One of the most interesting cases is Cisco, which implemented a BYOD-like policy in the firm. The result was happier employees and one of the biggest ramp-ups of Apple technology I've ever seen in a global company. Looking under the covers, though, this was largely because IT got out of the way of the Apple users who didn't load applications that tended to blue screen Windows boxes. It also created Web-based help systems and drove community solutions to technology problems.
The preference for Apple actually had more to do with IT, in a negative way, than it did with the differences between the platforms. The Apple users got more up-to-date hardware, more up-to-date software, better interactive tools and no out-of-date applications. This would be like the difference in experience between a brand-new car, which you chose based on your needs, and an old Ford LTD with a Model-T engine that the company chose for you with a plaid, weathered interior and broke down regularly.
The IT-based solution was horribly matched to the user, while the Apple-based, user-selected solution was tightly tied to what the user wanted to do. The IT solution was massively out of date while the user solution was current, and the IT solution was generic to the company while the user solution was matched to the employees' needs. My only surprise in looking into this was that every employee wasn't on the Apple product, which I think goes to the fact that users really don't like to learn new platforms and suggests that once on Apple, it is highly unlikely that users will move back to Windows, particularly if IT is choosing the solution without them.
Both from technology vendors like BMC, which has been driving its cloud workshop as a fix, to CIO events like EMC's, there has been one common concern and that is that users are increasingly bypassing IT and using their credit cards to buy cloud services. This is because, just like my earlier experience at IBM, IT has forgotten that it is a services provider and that its customers actually do have increasingly compelling alternative choices.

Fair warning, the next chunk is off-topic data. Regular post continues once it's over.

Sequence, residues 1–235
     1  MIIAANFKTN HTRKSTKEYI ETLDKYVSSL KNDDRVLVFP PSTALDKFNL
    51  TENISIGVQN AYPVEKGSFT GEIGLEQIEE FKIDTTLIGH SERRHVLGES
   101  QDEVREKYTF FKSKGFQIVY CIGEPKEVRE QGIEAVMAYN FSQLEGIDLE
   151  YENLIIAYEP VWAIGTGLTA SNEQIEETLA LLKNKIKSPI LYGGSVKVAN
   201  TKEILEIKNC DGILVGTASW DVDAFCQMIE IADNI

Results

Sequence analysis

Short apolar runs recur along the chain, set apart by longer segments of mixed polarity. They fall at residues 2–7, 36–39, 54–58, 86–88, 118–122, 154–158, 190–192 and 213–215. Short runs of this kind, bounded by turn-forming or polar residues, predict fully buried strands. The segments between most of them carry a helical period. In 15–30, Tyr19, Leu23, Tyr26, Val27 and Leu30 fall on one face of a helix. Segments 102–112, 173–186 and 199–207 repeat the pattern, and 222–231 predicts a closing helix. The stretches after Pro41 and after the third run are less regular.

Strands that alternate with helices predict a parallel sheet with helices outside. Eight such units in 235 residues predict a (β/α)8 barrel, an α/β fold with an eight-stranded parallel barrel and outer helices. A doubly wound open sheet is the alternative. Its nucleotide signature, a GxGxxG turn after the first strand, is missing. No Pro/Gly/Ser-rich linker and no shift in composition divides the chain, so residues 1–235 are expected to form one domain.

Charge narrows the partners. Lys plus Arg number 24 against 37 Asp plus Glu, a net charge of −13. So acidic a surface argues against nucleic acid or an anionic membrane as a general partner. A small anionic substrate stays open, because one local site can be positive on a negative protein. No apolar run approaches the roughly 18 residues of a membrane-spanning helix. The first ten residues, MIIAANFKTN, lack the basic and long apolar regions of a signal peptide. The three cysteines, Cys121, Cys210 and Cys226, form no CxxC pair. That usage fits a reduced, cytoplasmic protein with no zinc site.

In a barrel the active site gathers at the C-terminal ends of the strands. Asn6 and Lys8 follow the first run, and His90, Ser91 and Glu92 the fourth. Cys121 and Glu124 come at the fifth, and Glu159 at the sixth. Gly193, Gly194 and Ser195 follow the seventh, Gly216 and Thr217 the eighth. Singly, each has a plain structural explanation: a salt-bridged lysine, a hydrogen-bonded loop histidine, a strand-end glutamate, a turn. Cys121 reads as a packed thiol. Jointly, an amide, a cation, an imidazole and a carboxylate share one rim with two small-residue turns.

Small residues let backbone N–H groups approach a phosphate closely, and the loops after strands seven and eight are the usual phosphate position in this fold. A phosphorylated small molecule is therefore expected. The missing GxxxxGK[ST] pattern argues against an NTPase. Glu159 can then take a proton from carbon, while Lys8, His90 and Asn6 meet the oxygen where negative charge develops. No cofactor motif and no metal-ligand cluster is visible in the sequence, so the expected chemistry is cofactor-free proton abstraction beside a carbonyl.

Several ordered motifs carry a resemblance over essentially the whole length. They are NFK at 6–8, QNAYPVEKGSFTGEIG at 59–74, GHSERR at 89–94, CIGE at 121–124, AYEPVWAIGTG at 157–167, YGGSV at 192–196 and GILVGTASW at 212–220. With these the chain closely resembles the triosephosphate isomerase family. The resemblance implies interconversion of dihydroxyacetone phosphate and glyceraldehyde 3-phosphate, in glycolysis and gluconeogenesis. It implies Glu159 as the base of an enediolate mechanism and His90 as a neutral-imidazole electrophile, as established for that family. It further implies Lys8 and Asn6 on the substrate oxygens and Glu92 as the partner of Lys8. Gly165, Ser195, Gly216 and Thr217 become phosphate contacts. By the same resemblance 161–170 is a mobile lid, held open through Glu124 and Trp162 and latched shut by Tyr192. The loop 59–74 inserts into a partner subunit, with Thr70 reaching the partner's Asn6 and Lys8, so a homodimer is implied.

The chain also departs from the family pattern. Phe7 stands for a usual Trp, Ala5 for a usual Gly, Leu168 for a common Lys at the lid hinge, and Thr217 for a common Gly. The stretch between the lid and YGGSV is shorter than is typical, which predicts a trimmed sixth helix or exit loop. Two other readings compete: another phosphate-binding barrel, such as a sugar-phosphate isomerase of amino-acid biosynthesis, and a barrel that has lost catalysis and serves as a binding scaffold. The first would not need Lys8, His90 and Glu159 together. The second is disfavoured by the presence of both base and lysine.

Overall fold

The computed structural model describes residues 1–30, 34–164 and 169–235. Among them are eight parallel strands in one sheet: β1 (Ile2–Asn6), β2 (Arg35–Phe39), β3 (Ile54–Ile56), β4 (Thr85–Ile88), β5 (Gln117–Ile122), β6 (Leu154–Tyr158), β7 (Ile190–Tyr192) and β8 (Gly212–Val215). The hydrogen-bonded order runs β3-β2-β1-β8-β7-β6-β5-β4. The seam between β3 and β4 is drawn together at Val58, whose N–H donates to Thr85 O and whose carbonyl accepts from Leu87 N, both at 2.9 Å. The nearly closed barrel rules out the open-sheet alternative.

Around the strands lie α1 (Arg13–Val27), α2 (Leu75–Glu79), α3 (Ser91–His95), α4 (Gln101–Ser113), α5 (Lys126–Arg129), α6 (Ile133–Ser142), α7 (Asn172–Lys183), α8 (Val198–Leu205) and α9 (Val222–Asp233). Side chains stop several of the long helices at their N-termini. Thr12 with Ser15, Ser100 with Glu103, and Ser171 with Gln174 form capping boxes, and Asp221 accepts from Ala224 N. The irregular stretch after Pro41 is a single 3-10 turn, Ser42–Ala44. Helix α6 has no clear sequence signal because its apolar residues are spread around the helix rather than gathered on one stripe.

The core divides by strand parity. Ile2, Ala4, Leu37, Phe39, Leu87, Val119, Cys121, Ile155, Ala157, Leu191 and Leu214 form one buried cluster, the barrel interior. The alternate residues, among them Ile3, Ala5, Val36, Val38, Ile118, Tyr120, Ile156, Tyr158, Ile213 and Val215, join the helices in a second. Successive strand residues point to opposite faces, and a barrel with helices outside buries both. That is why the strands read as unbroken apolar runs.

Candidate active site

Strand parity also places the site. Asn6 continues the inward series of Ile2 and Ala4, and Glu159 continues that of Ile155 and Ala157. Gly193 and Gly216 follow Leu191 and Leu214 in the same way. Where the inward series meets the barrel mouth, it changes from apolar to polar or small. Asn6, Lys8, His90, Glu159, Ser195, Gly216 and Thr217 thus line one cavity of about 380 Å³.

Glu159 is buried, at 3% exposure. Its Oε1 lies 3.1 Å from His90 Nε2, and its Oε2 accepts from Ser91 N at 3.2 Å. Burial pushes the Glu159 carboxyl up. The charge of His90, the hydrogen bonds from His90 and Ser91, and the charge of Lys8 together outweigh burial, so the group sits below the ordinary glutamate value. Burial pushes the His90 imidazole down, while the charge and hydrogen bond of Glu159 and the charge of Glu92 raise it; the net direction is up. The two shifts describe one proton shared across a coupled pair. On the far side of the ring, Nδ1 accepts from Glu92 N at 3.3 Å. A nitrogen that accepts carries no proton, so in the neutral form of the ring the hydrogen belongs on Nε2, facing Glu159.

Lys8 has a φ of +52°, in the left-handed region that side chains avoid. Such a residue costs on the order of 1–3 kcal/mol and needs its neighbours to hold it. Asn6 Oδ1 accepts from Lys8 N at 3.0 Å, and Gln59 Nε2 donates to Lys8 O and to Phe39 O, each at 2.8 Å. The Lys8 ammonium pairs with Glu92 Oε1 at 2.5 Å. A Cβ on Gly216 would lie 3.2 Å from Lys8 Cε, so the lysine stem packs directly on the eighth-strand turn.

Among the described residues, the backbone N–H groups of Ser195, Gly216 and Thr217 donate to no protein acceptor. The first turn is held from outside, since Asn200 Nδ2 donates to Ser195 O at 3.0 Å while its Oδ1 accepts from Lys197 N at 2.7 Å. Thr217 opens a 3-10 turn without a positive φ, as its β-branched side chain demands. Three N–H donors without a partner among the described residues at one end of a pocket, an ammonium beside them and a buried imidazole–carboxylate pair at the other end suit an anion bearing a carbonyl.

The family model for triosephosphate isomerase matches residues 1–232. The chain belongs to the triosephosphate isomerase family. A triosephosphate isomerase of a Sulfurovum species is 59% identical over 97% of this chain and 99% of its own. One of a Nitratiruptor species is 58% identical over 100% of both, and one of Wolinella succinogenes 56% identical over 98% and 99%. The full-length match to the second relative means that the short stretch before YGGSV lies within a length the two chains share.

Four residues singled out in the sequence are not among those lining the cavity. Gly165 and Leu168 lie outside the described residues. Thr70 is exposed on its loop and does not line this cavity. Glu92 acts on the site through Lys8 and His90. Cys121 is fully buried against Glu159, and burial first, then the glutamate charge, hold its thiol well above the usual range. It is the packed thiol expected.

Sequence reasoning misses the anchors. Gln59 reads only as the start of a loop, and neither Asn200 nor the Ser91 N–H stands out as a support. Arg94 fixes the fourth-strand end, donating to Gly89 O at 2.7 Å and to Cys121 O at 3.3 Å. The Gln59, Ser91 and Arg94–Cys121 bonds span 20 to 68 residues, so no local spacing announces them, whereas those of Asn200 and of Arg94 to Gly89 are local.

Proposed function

What BYOD appears to do, using both the Plantronics and Cisco examples, is put users back in control of their hardware and removes IT as an impediment. IT then can assist in this process and focus on assuring that its responsibilities to protect corporate data are met and it can be aware of the need to control and standardize the user hardware. It becomes a forcing function to recognize that users need to be given the choices that will help make them more productive and IT simply doesn't have the bandwidth to optimize tools for every user - desktop technology has evolved to a point where it doesn't really need to. It appears to help change IT from an impediment to an asset and allows IT to focus on providing cloud or hosted services to these desktops, focusing its limited resources on projects it can be more successful at achieving.
Wrapping Up: Windows 8
There is an old story my grandmother told me about the sun and the wind competing. They argued who was the most powerful and they bet on whether they could remove the coat from some poor guy who was walking down the street. The wind blew and the harder he blew the tighter the man held on to his coat and he failed. The sun gradually increased the heat and the man eventually removed his own coat. The lesson underneath the story is that finding a way to encourage a behavior is often more successful than forcing it and given IT has little real authority, as cost center staff, organization-building support could go a long way to assuring IT meets its objectives.
If you look, I mean really look, at Windows 8, more than any other OS, because it blends tablet and laptop concepts, lends itself to a highly user-focused solution and works horribly on the typical IT cost-optimized laptop, it will be unacceptably limited to most. Not only could IT's status depend on making the right decision, the entire future of Microsoft and the PC industry could be tied to doing this right.
Sometimes the best decision is to let someone else make it. Increasingly, with cloud services enabling the user to do this for themselves safely, it will likely be the most successful path for IT.
In any case, and this is true of any service provider including IT, if you become a barrier to the folks who own the budget, eventually they'll stop funding you to eliminate the problem.